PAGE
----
Central St Martins 4 Nov 2015 Free

This nationwide day of action to Remember Nature was instigated by artist Gustav Metzger, whose work addresses climate change and its catastrophic effects.

Remember Nature, a project by artist and political activist Metzger, took place on 4 November 2015, with arts practitioners around the world encouraged to participate in a Day of Action to highlight the topic of extinction. Metzger’s call to action urged arts professionals and students from all disciplines to create new work to ‘Remember Nature’, addressing global issues such as extinction, climate change and environmental pollution. A launch event took place at Central Saint Martins College of Art and Design and at art schools nationwide on the day.

Metzger’s work, including his involvement in the Serpentine’s Extinction Marathon in 2014 and his acclaimed exhibition Decades 1959 – 2009 at the Serpentine Gallery in 2009, addresses climate change and its catastrophic effects.

“The art, architecture and design world needs to take a stand against the ongoing erasure of species – even where there is little chance of ultimate success. It is our privilege and our duty to be at the forefront of the struggle. There is no choice but to follow the path of ethics into aesthetics. We live in societies suffocating in waste. Our task is to remind people of the richness and complexity in nature; to protect nature as far as we can and by doing so art will enter new territories that are inherently creative.” Gustav Metzger, 2015.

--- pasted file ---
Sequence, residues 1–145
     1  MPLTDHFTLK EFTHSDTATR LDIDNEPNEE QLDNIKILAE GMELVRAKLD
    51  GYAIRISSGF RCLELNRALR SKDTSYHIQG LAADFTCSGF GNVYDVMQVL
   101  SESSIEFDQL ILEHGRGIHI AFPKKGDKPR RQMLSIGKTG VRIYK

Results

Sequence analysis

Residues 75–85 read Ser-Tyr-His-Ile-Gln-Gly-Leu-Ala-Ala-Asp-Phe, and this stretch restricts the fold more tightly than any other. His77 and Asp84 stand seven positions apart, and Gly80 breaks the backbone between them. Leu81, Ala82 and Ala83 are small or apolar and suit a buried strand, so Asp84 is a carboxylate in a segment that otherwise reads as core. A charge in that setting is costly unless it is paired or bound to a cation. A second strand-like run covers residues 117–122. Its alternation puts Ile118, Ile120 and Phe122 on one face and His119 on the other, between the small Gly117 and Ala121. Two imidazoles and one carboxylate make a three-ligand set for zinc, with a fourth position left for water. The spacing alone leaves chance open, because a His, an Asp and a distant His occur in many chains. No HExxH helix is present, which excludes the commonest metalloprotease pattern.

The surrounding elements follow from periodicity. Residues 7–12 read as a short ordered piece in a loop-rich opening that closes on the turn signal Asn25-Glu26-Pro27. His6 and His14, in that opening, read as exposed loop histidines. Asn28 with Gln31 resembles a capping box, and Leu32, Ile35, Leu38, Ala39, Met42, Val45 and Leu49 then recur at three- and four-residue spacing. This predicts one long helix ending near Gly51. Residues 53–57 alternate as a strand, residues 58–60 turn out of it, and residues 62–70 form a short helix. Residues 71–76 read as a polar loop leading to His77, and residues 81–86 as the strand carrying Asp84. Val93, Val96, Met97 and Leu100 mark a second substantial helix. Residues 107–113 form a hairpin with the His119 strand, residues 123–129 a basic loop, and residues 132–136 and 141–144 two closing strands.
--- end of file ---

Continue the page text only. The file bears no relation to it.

Participants were invited to respond creatively to this call with work showcased on the Remember Nature website. Works by participants were also displayed at an exhibition at Central Saint Martins from 4 to 5 November.

Remember Nature is a campaign involving a team of partners, including Central Saint Martins in London and University for the Creative Arts, Farnham.

Archive

Discover 50 years of the Serpentine

From the architecture pavilion and digital commissions to the ideas marathon and the General Ecology programme, explore 50 years of artists, projects and exhibitions.

View archive